Sunday, December 9, 2007
Terry Knight CKLW DJ
Peter Caine was a good guy. He was also a photographer who got hustled by Tony Alamo into taking most of the photos for the Billboard ad campaign. Peter ended up being my only friend and helped me to finally break away from Tony and go to England, but I'm getting ahead of myself.
To this day there is still an unpaid bill at Billboard for most of the ads that were run. Somewhere between $13.000 and $14,000 I believe. You see Tony either couldn't or wouldn't pay for the ads. But what he did do, was find someone else to guarantee to Billboard that the account would be paid. In this case that someone was Gordon Gessler, the son of wealthy diamond dealers in Beverly Hills. Gordon was kind of a goofy guy with a pretty good heart and Tony used him to accomplish Tony's goal, which was to get the ads in Billboard.
Tony succeeded, as Tony was prone to do, and then had a falling out with Gordon once the goal was accomplished. I am by no means blameless in all of this, because I ended up moving in with Gordon's ex-wife Lois Johnston who was 29 years old while I was 19. At the time I thought she was one of the most beautiful women I'd ever seen. Part of the star game is beautiful women, so I was sure I'd made it when I actually moved into Lois's house in Benedict Canyon.
As the ad campaign moved forward into it's climax my record "I'm So Lonely" began getting heavy airplay throughout the mid-west and Canada and started climbing the charts in places like Detroit and Cleveland, Ohio. There was a huge 50,000 watt station in Windsor, Canada called CKLW just across the river from Detroit. A young DJ named Terry Knight took it upon himself to single handedly break my record and make it a hit which he succeeded in doing. CKLW was heard in a wide spread area of the mid-west and the record climbed into the top 5 and I believe made it to # 1 in a number of places.
The point of this is, that now I was in demand. Tony could go to work on more people using the record's success as leverage to bend them to his will. First was Dick Clark at American Bandstand who Tony convinced to put me on the show. Following that a number of other more regional music shows became willing to put me on too, because Bandstand had. Tony was no fool. He knew how to use one success to accomplish another.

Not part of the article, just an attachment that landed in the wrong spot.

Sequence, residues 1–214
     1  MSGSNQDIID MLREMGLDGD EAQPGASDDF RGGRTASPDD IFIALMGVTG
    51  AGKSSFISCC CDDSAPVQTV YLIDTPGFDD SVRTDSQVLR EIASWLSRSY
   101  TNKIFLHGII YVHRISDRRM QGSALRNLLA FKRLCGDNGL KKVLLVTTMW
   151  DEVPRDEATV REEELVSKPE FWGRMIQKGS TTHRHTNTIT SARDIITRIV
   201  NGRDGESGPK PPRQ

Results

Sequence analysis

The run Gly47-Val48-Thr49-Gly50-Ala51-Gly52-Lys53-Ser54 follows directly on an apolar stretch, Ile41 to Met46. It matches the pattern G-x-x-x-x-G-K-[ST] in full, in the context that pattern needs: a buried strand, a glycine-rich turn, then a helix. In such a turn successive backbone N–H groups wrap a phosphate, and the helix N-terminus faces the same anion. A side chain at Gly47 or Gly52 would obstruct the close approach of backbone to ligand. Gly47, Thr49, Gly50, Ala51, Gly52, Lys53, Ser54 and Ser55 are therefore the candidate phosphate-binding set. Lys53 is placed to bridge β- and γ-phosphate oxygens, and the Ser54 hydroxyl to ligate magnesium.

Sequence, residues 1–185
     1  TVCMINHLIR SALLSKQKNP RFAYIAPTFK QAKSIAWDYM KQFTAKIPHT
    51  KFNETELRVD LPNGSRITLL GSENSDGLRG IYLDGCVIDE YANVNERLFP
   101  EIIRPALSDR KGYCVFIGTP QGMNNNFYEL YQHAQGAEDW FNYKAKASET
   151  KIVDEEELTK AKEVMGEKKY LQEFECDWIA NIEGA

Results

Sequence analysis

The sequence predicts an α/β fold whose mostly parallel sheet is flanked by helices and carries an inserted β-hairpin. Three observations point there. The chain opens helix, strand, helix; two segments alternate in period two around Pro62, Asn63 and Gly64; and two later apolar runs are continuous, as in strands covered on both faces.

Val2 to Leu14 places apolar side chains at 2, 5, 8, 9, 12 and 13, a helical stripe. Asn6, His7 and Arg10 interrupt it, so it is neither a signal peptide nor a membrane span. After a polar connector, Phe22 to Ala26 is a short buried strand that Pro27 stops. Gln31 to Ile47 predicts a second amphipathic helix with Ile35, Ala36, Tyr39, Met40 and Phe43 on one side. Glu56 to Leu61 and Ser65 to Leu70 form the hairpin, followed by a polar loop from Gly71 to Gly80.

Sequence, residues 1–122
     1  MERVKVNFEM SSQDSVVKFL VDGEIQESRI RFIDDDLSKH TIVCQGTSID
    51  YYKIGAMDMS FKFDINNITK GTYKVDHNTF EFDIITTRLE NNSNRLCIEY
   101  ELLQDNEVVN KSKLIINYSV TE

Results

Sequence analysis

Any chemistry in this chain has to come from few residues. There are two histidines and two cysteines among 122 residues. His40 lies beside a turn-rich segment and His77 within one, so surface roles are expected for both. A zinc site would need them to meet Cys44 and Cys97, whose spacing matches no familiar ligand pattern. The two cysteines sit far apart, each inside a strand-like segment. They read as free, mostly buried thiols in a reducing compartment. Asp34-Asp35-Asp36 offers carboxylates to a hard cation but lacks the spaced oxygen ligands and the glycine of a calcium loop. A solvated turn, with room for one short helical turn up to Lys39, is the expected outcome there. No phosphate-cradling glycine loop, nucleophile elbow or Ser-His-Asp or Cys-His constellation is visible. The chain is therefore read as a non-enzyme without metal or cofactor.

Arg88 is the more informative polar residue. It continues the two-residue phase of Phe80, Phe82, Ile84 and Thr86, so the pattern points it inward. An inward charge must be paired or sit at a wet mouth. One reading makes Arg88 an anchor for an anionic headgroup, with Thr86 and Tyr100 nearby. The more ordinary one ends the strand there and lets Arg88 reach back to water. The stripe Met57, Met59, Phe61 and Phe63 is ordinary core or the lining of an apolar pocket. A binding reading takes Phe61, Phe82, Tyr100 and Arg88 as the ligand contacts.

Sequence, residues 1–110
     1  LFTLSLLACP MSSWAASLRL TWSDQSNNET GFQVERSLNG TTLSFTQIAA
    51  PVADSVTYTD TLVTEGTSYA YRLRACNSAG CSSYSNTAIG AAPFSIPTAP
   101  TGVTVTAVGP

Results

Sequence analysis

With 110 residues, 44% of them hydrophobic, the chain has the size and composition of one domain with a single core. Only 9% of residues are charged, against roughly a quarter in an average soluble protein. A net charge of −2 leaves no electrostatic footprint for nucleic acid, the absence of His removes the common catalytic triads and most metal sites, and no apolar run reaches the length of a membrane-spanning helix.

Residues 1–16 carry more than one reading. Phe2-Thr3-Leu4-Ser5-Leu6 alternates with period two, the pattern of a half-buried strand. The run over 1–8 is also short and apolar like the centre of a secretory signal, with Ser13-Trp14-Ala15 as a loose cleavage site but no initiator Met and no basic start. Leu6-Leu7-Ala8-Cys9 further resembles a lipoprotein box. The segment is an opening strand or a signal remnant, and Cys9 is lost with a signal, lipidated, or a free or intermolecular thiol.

He did a lot of things right. It was just that he always managed to do something that was so outlandish that it made the earlier successes nearly null and void. An example would be that as I was out touring around the country Tony sent me and some other people to Denver, Colorado saying we were booked into the Denver Hilton and were expected. He told us that all we had to do was go there and we'd be welcomed with open arms. All of this was true.
We were greeted at the front door by the hotel manager and staff, and then escorted to a suite of rooms. We joked with each other for hours saying we were really in the big time now. Later, at about five o-clock in the morning, we were awakened by loud pounding on the door of the suite. We opened it to find a number of hotel security who were there to remove us from the hotel for fraud.
Here's what happened. Tony had telegraphed the Denver Hilton and told them we were coming and to treat us with care, because we were important friends of, Tony signed the telegram Conrad Hilton. Well when the manager of the hotel in Denver, who I believe was a Hilton himself, found out he had been bull-crapped by some Hollywood conman he was a little bit pissed off. So when I say that Tony did a lot of things right, but always managed to screw it up, this is what I was talking about.
These kinds of off the wall scenarios continued throughout my time with Tony and I will discuss some of them throughout these writings. As you may well imagine I had a tough time trying to understand this man, who on the one hand was making my dreams come true while on the other was scaring the crap out of me by doing things like The Denver Hilton fiasco. For a long time he was able to convince me that this stuff was just a mix up and not to let it bother me. My job, he said, was to "concentrate on the music" and he would take care of the business.
All the while Tony was continuing to smoke pot and began having episodes where he said "God was talking to him and telling him to except Jesus as his Lord or die." This too was bewildering to me, because it came out of nowhere and then would vanish as if it hadn't even occurred. Tony used to say, "it was just the pot talking and that he'd just gotten too high." The real trouble for me was, that whether or not it was the pot talking I began to feel more uneasy with Tony's explanations for why these things kept occurring. Looking back on it now I can see that these outbursts were the beginnings of Tony's eventual conversion into some dangerous cult like form of christianity.
go to part 6